IT HAS been 10 months since an outside law firm was hired to investigate allegations of pervasive sexual harassment and misconduct against the Washington Football Team. And it has been three months since National Football League Commissioner Roger Goodell said the lawyer heading up that probe was “nearing the completion of her work.” But still there is no report. Even more concerning, the NFL is refusing to confirm that the results of the investigation will be released so that the public can judge what action needs to be taken.

“The review is ongoing and comprehensive,” a spokesman for the NFL emailed in response to our inquiries as to why there has been such a delay. The public deserves a better answer but, more importantly, so do the women who bravely came forward to tell their stories and to cooperate with investigators. Indeed, it was their harrowing accounts of working for the Washington Football Team, detailed by The Post in July 2020, that forced team owner Daniel Snyder to hire attorney Beth Wilkinson to conduct an independent investigation into the allegations of abuse and misconduct. “The most miserable experience of my life,” said one former female employee of the team. “I have never been in a more hostile, manipulative, passive-aggressive environment . . . and I have worked in politics,” said another.

They weren’t the first women to complain about the team’s exploitative work environment. In 2018, the New York Times published a damning account of the cheerleading program. When The Post revealed details of how the cheerleaders were further victimized by the secret production of a video of lewd outtakes of a photo shoot, allegedly for the enjoyment of Mr. Snyder and other male executives, the NFL realized last August that it needed to assume oversight of Ms. Wilkinson’s investigation. Ms. Wilkinson, who has a stellar reputation, is locked in a legal battle with the team over what should be put in the public record about a past $1.6 million settlement involving sexual harassment allegations believed to directly involve Mr. Snyder. That suggests she is not one to be pushed around or to pull punches. A report in March by radio personalities on 106.7 The Fan said Mr. Snyder was directly in her crosshairs, with a recommendation he be forced to sell his interest in the team or receive a suspension for a significant period of time.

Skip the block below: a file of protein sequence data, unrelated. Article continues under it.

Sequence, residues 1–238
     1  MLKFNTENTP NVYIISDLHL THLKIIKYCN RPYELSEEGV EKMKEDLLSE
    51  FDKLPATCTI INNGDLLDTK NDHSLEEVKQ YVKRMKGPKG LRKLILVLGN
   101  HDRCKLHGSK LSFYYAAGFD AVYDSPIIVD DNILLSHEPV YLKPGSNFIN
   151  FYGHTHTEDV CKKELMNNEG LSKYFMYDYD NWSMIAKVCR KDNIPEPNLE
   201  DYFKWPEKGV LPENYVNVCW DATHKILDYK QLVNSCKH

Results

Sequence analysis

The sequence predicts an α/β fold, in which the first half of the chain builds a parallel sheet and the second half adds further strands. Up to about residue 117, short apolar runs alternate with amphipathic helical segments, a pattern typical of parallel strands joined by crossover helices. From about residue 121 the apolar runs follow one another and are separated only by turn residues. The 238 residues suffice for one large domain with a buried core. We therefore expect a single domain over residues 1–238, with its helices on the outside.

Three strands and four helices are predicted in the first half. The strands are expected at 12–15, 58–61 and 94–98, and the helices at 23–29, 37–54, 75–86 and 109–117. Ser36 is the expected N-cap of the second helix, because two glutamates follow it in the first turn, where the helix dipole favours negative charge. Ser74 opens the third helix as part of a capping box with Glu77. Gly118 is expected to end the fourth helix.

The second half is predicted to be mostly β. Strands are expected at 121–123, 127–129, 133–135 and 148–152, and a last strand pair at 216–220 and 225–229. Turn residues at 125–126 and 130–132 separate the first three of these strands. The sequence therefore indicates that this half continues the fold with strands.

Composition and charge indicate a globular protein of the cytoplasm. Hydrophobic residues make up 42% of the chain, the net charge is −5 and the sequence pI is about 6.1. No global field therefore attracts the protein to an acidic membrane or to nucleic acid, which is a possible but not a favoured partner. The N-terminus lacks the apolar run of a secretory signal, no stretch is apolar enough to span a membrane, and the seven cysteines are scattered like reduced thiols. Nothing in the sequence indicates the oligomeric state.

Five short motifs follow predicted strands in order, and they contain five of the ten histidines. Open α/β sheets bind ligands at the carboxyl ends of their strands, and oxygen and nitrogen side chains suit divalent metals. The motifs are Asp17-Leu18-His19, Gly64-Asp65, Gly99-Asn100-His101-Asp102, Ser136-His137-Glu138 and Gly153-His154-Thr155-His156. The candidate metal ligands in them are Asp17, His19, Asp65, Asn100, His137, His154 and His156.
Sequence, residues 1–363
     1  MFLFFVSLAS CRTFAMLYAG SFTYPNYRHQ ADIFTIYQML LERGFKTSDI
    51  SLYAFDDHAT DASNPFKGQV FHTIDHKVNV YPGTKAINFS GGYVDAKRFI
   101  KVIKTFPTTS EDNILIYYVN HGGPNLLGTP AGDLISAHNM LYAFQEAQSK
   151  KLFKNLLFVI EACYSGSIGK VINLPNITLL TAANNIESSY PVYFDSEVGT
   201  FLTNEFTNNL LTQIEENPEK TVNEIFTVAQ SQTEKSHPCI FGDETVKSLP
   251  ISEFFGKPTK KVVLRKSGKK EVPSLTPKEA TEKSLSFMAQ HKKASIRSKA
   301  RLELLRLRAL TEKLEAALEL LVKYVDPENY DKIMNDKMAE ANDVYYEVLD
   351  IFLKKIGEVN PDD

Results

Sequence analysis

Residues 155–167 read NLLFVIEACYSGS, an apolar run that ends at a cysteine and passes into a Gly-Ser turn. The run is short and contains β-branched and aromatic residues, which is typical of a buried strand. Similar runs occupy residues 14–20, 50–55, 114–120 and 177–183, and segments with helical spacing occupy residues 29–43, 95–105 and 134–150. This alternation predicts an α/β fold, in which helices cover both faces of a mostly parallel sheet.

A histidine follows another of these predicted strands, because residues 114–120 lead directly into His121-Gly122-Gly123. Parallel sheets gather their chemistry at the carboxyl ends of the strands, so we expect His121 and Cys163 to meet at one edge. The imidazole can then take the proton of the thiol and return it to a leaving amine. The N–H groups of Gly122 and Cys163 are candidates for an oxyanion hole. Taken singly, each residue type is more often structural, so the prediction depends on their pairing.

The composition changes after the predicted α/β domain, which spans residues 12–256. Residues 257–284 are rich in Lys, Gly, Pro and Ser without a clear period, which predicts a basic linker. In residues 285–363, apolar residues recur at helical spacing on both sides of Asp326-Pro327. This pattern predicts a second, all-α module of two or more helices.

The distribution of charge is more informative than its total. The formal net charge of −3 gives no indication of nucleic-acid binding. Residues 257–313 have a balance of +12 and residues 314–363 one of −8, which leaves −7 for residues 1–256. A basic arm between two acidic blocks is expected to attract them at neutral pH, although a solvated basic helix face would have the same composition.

But Ms. Wilkinson’s report will go to the NFL, and it will be up to Mr. Goodell to decide what to release and what action to take. Since the investigation started, Mr. Goodell has commended Mr. Snyder and his wife, Tanya, for making changes to the culture — never mind that its toxicity was a product of Mr. Snyder’s 21-year reign. Mr. Goodell also pushed for a deal that allowed Mr. Snyder to buy the team outright, with the other NFL club owners agreeing to lift a debt ceiling so Mr. Snyder could borrow the money needed to buy out minority stakeholders who wanted nothing more to do with him. Mr. Goodell works for the club owners; it’s no surprise whose interests he seems to be seeking to protect.

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